Venue: Town Hall, Eastbourne
Contact: Local Democracy on 01323 410000
The minutes of the meeting held on 21 June 2016 were submitted and approved and the Chairman was authorised to sign them as an accurate record.
Apologies for absence.
Declarations of Disclosable Pecuniary Interests (DPIs) by members as required under Section 31 of the Localism Act and of other interests as required by the Code of Conduct.
There were none.
Outline planning application with all matters reserved for the demolition of two derelict cottages and construction of ten residential dwellings at Woods Cottages, Swanley Close, Langney Rise – LANGNEY.
The following comments from local residents were reported at the meeting:
‘If both entrances were used then their property became an island surrounded by entrances to the development. The width of the road was not wide enough for large vehicles. It would be dangerous to increase traffic flow given children use the road for access to the local school. Pedestrian access showed no obstruction to prevent car access so it could become another vehicular access’.
‘The road was not wide enough to cope with additional traffic. The proposed access was not wide enough for emergency vehicles. The resident also questioned the ownership of land and width of access path. The development impacts on their privacy given the proximity of the proposed new dwellings’.
‘The area was mostly bungalows so the proposed development was out of keeping, and would be an overdevelopment. There were concerns regarding the impact on the environment, overshadowing, privacy and loss of light to existing residents and the loss of protected trees’.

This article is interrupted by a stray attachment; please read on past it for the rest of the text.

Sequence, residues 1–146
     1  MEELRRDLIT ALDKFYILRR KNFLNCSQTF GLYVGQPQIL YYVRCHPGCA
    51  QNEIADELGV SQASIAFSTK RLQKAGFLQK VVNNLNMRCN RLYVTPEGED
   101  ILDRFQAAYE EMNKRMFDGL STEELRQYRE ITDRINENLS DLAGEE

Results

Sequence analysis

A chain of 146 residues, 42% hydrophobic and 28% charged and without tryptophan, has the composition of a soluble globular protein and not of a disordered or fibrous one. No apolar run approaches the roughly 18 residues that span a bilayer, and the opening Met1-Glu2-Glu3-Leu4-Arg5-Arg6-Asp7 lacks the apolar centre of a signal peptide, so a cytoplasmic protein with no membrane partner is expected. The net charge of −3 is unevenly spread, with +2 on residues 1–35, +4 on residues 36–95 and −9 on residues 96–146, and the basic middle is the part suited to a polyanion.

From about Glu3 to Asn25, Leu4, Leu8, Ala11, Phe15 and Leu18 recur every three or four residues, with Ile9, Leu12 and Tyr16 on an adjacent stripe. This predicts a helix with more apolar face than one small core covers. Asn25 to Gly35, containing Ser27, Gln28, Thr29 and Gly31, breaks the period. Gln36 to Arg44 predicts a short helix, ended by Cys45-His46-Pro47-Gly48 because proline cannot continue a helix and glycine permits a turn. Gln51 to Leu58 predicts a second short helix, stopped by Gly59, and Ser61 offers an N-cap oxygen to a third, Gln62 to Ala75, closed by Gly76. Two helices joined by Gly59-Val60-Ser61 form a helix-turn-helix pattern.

‘The number of dwellings was still too many which would impact on traffic and localised flooding’.
Ms St Clare addressed the committee in objection stating that the safety and upheaval during the development was still a concern particularly with regard to the construction vehicles. The proposed pedestrian entrance would need bollards to prevent vehicles using this as an access route. Introducing double yellow lines in Swanley close would remove visitor parking for those properties. Ms St Clare suggested the access route would be better placed through Langney Shopping Centre.
Mr Woods addressed the committee in objection stating that although the reduction in dwellings and increase in parking was a great improvement, the close was too narrow to be used as the main access route especially for larger vehicles and therefore the access would be better placed coming through the top of the site, via Langney Shopping Centre car park.